Why are antenatal classes useful?

Why are antenatal classes useful?
What kind of antenatal classes are there?
NHS classes
Private classes

A good antenatal class will tell you all you need to know about: 

  • How you can prepare for birth: You’ll probably find out about exercises you can do to help get in good shape for giving birth, get advice about breathing techniques and your partner may be shown some handy massage skills to help you stay relaxed both before and during labour.
  • What you can expect during labour and birth: Your antenatal classes will give information about the whole process of labour and birth, including details of medical procedures and interventions. You’ll also be encouraged to think in advance about your emotional reactions, and the changes you could expect to happen to both you and your partner during pregnancy and after the birth. 

 

antenatal classes
  • How to manage labour and birth: You’ll have the chance to learn about various birth positions you could use and experiment with them before the big day. You’ll also be given information about pain relief choices, look at various situations that could occur during labour and work out in advance what you would want to happen. 
  • Preparing for life with your new baby: Antenatal classes also help you to prepare for life with your new baby, both emotionally and practically. It’s a great opportunity to get advice from the midwife or health visitor not to mention other experienced mums who might be there too.
  • They’re also great for your social life: These classes give you the perfect opportunity to have a good chin-wag with other mums–to-be and dads who’ll have similar concerns and questions to yours. In fact many mums find they stay in touch and become good friends.

The key is to get ahead. Most classes run over six to eight weeks in the last months of your pregnancy. However, you can book your place from 12 weeks of pregnancy and most mums-to-be do this. Why not make a note in your diary and do some research during the early stages of your pregnancy? 

Remember, you're entitled to time off work to attend antenatal classes. 

What kind of antenatal classes are there?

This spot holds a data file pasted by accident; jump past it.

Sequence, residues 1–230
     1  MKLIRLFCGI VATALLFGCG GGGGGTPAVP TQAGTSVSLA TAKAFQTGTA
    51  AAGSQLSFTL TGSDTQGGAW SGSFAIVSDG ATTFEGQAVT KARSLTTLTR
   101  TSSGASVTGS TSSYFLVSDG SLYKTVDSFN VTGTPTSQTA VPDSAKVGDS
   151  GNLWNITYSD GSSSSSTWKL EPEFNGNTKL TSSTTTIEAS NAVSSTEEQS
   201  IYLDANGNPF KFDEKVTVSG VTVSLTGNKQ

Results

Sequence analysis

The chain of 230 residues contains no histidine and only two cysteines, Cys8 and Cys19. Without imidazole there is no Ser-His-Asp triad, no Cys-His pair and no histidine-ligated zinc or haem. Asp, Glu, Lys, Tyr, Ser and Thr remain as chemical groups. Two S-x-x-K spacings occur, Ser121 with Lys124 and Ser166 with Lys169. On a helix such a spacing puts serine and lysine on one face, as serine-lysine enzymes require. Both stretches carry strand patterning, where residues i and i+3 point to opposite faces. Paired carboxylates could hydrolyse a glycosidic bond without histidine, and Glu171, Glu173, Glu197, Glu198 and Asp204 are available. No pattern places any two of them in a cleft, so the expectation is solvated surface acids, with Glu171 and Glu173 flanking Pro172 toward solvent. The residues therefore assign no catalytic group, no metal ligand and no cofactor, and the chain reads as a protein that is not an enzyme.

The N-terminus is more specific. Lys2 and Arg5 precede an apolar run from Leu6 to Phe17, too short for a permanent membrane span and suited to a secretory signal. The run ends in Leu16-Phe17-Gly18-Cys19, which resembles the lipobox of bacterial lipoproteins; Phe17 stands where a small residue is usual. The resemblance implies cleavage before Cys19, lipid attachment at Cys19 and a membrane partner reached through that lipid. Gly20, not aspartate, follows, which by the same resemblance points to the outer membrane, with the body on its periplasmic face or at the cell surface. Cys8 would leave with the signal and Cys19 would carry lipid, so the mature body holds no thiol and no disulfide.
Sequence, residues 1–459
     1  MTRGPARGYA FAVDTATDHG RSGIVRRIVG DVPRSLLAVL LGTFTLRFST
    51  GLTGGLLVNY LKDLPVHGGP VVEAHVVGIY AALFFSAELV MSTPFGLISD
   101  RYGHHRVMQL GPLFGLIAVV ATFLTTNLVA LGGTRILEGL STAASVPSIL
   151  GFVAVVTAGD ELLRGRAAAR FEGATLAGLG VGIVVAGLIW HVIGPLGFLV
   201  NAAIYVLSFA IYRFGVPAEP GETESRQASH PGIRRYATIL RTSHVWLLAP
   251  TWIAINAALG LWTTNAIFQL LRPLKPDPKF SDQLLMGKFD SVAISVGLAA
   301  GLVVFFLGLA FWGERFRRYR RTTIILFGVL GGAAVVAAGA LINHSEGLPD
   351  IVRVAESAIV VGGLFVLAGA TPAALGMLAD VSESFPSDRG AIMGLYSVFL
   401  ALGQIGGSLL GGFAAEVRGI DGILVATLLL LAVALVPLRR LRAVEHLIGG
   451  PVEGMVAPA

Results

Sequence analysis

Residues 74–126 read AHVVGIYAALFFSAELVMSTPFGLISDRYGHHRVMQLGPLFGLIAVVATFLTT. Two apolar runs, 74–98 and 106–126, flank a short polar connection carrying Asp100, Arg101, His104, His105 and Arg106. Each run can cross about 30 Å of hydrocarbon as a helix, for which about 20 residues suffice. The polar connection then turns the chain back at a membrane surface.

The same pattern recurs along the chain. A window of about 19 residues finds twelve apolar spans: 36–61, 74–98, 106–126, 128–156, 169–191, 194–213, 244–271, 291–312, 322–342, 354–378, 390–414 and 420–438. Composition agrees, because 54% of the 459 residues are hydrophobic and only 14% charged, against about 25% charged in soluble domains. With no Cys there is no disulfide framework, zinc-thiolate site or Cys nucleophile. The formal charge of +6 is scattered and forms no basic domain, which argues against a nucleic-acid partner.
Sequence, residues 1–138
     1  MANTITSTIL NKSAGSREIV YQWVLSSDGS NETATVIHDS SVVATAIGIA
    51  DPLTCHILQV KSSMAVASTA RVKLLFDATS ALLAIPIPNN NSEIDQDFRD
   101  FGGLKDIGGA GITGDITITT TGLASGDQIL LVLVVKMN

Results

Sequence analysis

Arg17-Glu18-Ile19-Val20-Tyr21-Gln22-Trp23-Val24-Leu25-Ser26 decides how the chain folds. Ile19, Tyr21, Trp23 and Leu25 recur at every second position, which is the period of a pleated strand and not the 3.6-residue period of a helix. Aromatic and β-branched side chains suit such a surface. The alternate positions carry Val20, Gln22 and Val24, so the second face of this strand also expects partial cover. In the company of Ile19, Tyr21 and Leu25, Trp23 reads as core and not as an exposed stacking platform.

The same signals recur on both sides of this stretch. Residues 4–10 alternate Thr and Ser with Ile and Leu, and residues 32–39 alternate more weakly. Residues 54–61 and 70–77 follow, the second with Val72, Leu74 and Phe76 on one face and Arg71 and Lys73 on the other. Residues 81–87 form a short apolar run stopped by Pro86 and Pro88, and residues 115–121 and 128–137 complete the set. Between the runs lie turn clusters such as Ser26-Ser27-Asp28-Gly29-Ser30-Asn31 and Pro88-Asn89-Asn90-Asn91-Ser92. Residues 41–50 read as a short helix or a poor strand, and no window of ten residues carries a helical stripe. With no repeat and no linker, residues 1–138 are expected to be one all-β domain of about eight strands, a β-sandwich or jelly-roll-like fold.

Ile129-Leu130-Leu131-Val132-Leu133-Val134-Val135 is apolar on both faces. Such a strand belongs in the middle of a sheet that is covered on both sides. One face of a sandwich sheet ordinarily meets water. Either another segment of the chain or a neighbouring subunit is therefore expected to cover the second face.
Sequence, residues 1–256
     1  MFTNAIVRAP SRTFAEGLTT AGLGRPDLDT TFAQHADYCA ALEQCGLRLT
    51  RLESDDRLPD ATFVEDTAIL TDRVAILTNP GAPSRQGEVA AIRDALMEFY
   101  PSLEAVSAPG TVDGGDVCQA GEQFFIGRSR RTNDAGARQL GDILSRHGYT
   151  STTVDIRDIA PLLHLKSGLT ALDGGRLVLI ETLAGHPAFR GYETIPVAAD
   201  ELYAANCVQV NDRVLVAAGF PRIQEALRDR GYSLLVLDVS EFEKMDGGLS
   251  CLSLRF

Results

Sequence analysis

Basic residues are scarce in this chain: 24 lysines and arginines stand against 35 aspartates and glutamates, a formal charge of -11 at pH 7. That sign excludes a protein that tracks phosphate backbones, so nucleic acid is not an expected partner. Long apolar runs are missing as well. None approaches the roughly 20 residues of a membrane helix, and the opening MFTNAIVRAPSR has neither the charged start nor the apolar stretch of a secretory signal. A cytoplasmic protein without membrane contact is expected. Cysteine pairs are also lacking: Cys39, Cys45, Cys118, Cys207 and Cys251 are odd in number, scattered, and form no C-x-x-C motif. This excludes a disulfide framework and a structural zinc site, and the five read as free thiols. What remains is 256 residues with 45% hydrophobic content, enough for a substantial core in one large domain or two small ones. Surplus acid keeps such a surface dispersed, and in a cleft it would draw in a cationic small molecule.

• Most mums can attend antenatal classes run by the NHS which are free. However, they’re not available in every area of the country so check with your midwife for a list of your local options.
  • Alternatively, you can attend private classes for which you will need to pay. 
  • There’s a surprisingly wide variety of different types of courses and the approach can vary from class to class, teacher to teacher. For instance, some antenatal classes welcome your partner; others are only for mums-to-be. 
  • There are also antenatal classes available to suit mums-to-be with different schedules – some are held in the afternoons, others in the evening. Some courses even take place over full weekends. 
 
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NHS classes

  • Classes just for you: Classes run by the NHS usually include women-only groups. Women-only antenatal classes are great for single women or for any mum-to-be who just prefers to attend on her own. These classes often allow the group to get a little more in-depth about subjects men might feel squeamish about!
  • Something to suit you both: If your partner is going to be your birth partner, couples’ classes can help you prepare together for labour and can allow you to feel closer to each other. Couples’ antenatal classes can also really help a nervous dad-to-be feel reassured about the birth and more involved with your pregnancy. A lot of couples find it useful to find out that others are having very similar experiences and emotions to theirs. 
  • Second – or third – time around: There are also refresher classes available for women who have already had children, and these often offer crèche facilities. They’re mainly to help women update their knowledge about labour and birth or to talk about anything that’s worrying them this time around. 
  • Get to know your birthing environment: Many mums-to-be are now offered an opportunity to visit the hospital where they’ll be giving birth and to see all the facilities so that they have a clearer mental picture of what to expect.
     

Private classes

  • Who’s in charge? There are a variety of antenatal classes available on a private basis so it’s important to make sure that you do a little research and find a class and teacher you’re comfortable with. 
  • Be a water baby: How about trying an aquanatal class? Being in water is great when you’re pregnant as the water supports you and your bump, allowing you to move and exercise freely. You can take these antenatal exercise classes from early pregnancy until your waters have broken. However, for more support and information it’s still a good idea to attend a regular antenatal class. 
  • Get active: Active birth classes focus on the use of yoga to strengthen your muscles and to help you feel more confident before you give birth. You’ll learn how you can use breathing and relaxation techniques to minimise stress. It’s important to find a well-qualified teacher. 

A good source of more advice about private antenatal classes is the National Childbirth Trust - you can find their details in the phonebook.

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